Dr. Denis O’Donnell, Queen’s University, Kingston, ON

Cardiopulmonary exercise testing is often performed to explore mechanisms of dyspnea and exercise limitation in individual patients presenting with these symptoms. Abnormalities in ventilatory mechanics often contribute to these symptoms and can be exposed by the stress of exercise even when resting pulmonary function tests are normal. This presentation will outline the main measurements of dynamic ventilatory mechanics based on ventilatory responses, breathing pattern, operating lung volumes, and flow volume loop analysis during incremental exercise testing. A number of case studies will be presented to illustrate how this simple approach can provide useful clinical information on the dynamic mechanical constraints on ventilation that might exist in symptomatic patients. The main objective is to enlighten the interpreter as to the major physiological contributors to exercise intolerance in individual patients.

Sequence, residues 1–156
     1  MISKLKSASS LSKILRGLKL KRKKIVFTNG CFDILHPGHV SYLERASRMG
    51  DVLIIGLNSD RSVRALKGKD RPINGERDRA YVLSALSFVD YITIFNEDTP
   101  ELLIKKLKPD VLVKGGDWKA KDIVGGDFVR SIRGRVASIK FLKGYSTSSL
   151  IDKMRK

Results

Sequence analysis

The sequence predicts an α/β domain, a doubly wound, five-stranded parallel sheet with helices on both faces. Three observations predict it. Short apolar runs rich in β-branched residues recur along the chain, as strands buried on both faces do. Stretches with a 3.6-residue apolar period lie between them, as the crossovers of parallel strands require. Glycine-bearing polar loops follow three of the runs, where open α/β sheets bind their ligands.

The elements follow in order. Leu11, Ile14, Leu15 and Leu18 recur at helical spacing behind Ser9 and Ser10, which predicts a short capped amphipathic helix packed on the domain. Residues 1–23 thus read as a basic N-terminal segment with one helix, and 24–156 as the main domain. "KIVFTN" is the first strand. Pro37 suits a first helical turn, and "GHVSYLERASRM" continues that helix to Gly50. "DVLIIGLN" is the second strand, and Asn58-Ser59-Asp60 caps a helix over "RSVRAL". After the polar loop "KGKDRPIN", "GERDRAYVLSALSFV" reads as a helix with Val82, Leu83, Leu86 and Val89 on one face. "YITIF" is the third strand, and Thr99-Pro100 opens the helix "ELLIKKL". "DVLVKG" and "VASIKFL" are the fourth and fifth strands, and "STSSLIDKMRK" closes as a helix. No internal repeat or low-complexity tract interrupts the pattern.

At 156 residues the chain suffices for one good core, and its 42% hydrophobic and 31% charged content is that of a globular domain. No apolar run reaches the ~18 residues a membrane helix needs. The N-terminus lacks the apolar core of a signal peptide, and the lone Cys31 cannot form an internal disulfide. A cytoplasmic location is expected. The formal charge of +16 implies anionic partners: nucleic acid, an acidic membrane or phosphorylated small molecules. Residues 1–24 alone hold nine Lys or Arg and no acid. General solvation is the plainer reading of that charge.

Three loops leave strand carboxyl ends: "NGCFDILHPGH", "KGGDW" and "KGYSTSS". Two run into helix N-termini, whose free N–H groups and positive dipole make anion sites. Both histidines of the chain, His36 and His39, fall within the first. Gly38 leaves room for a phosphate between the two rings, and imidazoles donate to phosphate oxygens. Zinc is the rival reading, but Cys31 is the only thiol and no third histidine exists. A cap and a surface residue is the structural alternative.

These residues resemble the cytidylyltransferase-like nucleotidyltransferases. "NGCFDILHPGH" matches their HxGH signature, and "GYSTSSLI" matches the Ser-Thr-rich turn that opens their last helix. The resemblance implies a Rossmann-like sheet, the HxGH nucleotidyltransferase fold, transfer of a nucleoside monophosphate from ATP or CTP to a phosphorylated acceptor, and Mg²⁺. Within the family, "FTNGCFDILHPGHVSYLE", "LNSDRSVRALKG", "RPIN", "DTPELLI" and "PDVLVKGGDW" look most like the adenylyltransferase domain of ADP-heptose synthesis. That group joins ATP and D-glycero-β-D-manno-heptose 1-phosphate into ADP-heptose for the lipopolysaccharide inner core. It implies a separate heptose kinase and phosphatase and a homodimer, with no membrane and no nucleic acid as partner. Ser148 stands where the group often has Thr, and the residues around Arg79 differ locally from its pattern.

Learning Objectives
At the end of this presentation, attendees will be able to:

  • Understand the value of operating lung volumes, breathing pattern, flow volume loops and dyspnea ratings in non-invasive assessments of respiratory mechanics during exercise;
  • Understand the connections between abnormalities of ventilatory mechanics during exercise, exercise limitation and intolerable symptoms; and
  • Know how this approach allows refinement in the clinical evaluation of symptomatic patients with pulmonary disease beyond traditional resting pulmonary function tests.